Little Monks

Six days a week we jump on the back of a songthaow (a truck with a tall topper that is open on the sides) to take 10 minute ride out to our Buddhist Temple School.  Before we enter the temple we must take off our shoes.  Cats and dogs roam freely both around the temple and inside our classroom.  Apparently it’s currently mating season out here at the temple because all the animals seem to be either pregnant or playing the mating game.  There are greens trees and stone streets. Philosophical quotes are posted around the school and the windows are all decorated with colorful animals.  Most importantly, this temple ground houses around 150 wonderful young men called “Novices” who are on their way to becoming full Buddhist Monks.  We call these boys the “Little Monks”.  They come from poor families who cannot afford private education.  They live and learn at the temple for anywhere from 3 to 6 years practicing religion for 4 hours every single day and (at least for the next few weeks) will also be practicing English.  Their heads are shaved and they where the yellow/orange robes as all Monks do.  They look at us with a shy curiosity- just as we do the same  -that is until a few days ago when our assignment was to go up to the Little Monks and ask them how to say words in Thai, such as “thank you” (kob kun), “excuse me” (ka tote), “where’s the bathroom?” (hungnaan, yu nai?), and Vince’s favorite “too expensive” (paeng pai).  Six, seven, eight Little Monks begin checking us out from a far before they all comfortably join the older ones now laughing with us around the table. They share words they’ve learned in English, such as beautiful, happy and “Wassup?”  The words exchanged were minimal but the communication exchanged was quite fluid.  Our first experience with the Little Monks only lasted 40 minutes, but it truly was an experience none of us students will be able to forget.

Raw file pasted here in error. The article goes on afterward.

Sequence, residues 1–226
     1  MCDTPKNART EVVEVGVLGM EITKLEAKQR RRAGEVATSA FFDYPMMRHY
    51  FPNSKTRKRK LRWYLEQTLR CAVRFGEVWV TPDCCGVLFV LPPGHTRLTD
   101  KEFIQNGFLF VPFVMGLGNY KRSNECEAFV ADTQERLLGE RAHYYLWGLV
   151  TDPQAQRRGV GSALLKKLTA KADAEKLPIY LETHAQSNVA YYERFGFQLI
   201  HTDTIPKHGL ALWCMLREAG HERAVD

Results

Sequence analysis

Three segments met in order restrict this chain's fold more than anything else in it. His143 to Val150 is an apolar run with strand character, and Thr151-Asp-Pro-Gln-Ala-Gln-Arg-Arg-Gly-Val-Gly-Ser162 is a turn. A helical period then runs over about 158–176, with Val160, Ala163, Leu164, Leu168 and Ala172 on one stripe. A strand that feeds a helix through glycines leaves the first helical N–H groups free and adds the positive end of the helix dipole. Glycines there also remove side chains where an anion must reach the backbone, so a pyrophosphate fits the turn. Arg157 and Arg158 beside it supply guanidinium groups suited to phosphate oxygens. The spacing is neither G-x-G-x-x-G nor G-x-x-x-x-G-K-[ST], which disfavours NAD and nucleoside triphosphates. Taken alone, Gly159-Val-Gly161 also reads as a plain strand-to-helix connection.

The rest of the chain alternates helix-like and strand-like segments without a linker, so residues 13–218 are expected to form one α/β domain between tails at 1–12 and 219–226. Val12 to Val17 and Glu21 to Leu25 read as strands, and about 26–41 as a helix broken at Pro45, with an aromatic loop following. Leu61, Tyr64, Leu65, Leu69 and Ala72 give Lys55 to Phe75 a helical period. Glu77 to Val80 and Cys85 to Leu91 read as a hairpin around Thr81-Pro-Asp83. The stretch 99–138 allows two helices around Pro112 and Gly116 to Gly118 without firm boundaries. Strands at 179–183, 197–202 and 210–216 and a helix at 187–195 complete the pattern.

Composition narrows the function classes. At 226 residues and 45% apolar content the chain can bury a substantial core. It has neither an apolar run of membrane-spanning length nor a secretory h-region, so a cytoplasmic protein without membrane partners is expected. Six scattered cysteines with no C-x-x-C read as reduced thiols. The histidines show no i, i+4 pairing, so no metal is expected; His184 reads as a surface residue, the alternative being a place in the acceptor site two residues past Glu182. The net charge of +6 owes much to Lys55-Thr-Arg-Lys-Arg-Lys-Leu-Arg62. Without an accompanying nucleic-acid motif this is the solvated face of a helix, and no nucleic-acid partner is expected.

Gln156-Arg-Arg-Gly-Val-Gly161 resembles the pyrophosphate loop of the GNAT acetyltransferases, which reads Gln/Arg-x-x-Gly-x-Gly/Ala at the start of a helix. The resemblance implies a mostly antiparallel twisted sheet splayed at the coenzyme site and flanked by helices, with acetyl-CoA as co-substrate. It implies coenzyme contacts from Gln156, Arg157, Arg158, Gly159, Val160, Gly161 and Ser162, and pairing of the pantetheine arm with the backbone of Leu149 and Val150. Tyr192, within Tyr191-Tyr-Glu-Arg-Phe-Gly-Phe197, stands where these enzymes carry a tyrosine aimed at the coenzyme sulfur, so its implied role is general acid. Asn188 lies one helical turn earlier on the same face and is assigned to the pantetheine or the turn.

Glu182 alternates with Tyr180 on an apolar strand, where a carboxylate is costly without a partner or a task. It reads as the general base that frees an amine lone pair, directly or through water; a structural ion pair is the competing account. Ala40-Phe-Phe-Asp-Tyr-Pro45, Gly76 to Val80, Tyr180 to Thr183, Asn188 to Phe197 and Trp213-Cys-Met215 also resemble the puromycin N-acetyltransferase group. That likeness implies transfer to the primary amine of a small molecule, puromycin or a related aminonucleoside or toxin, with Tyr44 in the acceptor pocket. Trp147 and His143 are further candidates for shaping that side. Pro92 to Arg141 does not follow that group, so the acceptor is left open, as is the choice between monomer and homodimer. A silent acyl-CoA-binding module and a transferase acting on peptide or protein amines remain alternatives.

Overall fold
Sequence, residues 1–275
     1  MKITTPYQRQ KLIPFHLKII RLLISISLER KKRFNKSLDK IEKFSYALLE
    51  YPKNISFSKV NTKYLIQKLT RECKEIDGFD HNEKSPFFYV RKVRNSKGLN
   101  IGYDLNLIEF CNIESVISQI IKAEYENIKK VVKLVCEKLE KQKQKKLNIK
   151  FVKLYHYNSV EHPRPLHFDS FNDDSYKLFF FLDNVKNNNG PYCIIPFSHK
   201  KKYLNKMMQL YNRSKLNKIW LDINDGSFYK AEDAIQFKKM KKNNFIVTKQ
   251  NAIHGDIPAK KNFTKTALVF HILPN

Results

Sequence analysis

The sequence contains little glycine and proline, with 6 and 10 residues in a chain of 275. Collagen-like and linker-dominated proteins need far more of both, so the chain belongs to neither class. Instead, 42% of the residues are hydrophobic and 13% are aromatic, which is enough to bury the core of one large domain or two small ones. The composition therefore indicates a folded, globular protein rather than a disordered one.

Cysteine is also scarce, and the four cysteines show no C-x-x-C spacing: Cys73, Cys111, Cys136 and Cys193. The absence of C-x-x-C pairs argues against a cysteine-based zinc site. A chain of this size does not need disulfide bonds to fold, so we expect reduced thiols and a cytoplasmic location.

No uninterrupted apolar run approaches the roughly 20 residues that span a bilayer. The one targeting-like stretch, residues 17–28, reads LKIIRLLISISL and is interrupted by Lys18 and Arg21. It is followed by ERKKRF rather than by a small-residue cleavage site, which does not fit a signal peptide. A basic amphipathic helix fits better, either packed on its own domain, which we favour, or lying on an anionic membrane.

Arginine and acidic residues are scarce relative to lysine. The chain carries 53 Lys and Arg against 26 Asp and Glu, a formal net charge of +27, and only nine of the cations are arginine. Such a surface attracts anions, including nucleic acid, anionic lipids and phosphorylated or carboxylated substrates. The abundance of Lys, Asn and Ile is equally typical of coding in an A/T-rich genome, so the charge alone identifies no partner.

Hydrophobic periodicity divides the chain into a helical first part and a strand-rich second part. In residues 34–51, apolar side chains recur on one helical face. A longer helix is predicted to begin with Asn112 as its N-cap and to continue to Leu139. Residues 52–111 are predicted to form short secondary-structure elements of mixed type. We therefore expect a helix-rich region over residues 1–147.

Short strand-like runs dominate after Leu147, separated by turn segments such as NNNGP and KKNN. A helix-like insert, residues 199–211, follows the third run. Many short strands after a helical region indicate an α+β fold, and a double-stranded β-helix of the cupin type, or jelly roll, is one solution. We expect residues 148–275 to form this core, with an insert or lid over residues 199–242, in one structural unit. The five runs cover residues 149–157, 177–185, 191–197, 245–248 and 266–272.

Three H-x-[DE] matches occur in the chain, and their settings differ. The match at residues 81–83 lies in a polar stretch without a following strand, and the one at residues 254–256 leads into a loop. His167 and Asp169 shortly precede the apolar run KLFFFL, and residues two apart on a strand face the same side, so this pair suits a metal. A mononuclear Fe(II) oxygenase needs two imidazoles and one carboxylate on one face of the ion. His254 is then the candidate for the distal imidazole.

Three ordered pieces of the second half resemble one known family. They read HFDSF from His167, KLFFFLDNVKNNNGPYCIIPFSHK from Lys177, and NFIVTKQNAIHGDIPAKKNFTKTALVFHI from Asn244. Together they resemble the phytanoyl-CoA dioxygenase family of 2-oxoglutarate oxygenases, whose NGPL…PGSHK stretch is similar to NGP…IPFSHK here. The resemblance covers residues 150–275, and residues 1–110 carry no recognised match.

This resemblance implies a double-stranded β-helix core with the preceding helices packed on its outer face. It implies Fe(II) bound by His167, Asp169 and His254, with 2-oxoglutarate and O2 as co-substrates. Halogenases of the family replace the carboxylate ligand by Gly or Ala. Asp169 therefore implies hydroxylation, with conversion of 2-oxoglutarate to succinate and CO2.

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~ by The Piersas on May 3, 2008.

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